The ESC envisions a socio-economically empowered Maasai community deriving its livelihood from conserving its living environment.
To improve the socio-economic conditions of the pastoralist community at Enkusero Sampu in Kajiado West district of Kenya, through conservation of the natural and bio-diversity rich environment
The project shall specially seek to:
- Establish strong community partnership and goodwill for project success and sustainability through strategic meetings, mobilization, and involvement of community and relevant government ministries and departments and other resource partners.
- Increase institutional and personnel capacity of the ESC, including 9 trustees and 13staff on; conservancy development and management, strategic planning and resource mobilization and CBETE development and management through training and exchange learning trips to at least three established conservancies in Kenya/ Tanzania.
- Develop and provide alternative livelihood support system that fosters bio-diversity conservation to the pastoralist ESC community through creation of a conservation area and establishment of two pilot community-based eco-tourism enterprises (CBETEs).
- Provide increased access to quality and adequate levels of education to deserving bright children from poor families in the ESC community through setting up an education fund
- Provide adequate human and administrative resources to ensure success and sustainability of the integrated 3 year conservation, CBETE, and education development project through identification, placement, development, maintenance and support of 5 managerial/ technical and 8 support staff.
Towards this vision, the ESC has identified a number of priority needs that needed to be addressed in order to move the organisation and the communities it serves forward towards accomplishment of its short- term, mid- term and long term objectives. These priority actions include:
- Increased capacity building of the board of trustees and senior management staff in conservancy management, strategic planning and resource mobilization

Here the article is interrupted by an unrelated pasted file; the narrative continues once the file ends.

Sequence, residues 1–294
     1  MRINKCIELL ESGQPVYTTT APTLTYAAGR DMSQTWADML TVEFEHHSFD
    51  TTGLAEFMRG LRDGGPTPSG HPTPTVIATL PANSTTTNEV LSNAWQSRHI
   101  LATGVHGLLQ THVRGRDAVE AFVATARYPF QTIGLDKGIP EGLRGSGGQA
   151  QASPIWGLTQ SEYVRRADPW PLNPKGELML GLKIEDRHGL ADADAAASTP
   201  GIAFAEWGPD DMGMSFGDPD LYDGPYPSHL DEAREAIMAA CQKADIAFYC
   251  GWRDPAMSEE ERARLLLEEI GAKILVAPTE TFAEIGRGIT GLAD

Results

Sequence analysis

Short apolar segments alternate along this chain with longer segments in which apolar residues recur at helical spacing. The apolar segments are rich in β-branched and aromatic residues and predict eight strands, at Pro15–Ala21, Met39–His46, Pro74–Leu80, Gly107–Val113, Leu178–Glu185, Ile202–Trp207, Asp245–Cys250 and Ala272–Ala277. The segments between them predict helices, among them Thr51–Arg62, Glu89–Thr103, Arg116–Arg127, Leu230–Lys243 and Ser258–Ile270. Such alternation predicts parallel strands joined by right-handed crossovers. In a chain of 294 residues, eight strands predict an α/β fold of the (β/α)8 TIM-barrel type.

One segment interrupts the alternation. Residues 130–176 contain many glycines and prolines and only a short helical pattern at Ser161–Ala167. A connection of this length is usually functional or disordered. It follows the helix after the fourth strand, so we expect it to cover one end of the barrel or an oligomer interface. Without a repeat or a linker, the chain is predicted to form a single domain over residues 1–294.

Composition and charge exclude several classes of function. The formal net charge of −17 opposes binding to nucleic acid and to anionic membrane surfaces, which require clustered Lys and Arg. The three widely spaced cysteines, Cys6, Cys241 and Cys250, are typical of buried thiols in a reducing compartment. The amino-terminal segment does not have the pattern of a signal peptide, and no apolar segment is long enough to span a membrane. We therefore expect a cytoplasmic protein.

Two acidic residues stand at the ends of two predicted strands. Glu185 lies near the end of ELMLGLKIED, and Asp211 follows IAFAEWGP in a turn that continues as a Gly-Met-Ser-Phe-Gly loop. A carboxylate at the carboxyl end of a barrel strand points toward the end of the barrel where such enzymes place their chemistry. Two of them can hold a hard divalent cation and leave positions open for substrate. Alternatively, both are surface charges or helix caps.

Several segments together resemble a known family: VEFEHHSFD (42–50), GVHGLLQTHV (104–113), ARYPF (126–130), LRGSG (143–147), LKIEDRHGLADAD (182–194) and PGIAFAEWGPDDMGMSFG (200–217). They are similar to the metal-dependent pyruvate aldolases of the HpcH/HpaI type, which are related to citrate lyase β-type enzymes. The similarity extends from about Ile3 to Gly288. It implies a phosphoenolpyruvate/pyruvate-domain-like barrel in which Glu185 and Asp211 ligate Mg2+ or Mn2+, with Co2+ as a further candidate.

- Two coordination offices; at Kiserian and at the conservancy; including recruitment of administrative, support and conservation staff and volunteers
- Adequate capacity of employed and volunteer conservation rangers
- Establishment of two pilot community-based eco-tourism enterprises(CBETEs); one at Olesokorte and the other at Kijululo
- Registration and recognition of the ESC area as a conservancy by, KWS and other relevant GoK departments
The ESC sees the solutions to these priority needs as indicated in the following table:
Increased capacity building of the board Members and senior management staff in conservancy management, strategic planning and resource mobilization
- An exchange learning trip on conservancy development and management for the Board Members and key community opinion leader
- A training workshop on strategic planning
- A training workshop on resource mobilization and CBETE management
Two coordination offices; at Kiserian and at the conservancy; including recruitment of administrative, support and conservation staff and volunteers
- 36 months conservation organization institution capacity support to establish the two offices including; recruitment of an office administrator (2), receptionist (2), driver (2), conservation extension officer (1) and rangers (5)
- Two 4wd vehicles; one for office coordination and the other for eco-tourism activities in the conservancy.
Adequate capacity of employed and volunteer conservation rangers
- Training of the 10 rangers and 4 admin staff to better perform in their jobs
- An Exchange learning trip for the 10 rangers in 2 batches to at least three established conservancies in Kenya/ Tanzania